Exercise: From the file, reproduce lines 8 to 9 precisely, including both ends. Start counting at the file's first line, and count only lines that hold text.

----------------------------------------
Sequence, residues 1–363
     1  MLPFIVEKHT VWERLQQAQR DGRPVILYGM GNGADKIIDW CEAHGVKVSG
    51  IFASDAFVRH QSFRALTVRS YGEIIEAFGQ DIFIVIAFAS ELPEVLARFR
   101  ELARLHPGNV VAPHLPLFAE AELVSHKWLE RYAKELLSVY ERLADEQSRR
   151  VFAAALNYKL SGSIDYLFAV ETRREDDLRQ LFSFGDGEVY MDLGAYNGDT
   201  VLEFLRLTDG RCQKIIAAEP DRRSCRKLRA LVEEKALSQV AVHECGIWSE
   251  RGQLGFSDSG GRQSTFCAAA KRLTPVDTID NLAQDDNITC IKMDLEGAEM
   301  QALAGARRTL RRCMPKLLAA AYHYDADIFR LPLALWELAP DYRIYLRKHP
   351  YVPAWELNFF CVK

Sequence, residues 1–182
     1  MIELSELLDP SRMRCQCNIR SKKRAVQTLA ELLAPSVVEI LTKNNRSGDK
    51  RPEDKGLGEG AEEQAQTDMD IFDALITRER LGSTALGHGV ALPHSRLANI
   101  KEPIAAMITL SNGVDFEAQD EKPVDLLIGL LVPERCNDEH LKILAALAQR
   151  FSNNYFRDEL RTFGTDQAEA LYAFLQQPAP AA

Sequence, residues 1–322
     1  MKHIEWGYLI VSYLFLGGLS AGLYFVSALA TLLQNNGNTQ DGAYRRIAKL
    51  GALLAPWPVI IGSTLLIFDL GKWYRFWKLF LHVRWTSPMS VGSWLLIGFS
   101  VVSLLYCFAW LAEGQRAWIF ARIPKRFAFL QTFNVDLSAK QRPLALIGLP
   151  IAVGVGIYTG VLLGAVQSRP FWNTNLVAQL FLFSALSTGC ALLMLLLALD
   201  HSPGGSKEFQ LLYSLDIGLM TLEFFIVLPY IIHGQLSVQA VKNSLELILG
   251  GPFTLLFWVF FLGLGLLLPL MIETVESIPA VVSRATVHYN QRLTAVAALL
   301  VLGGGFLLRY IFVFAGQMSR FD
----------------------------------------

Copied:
   301  QALAGARRTL RRCMPKLLAA AYHYDADIFR LPLALWELAP DYRIYLRKHP
   351  YVPAWELNFF CVK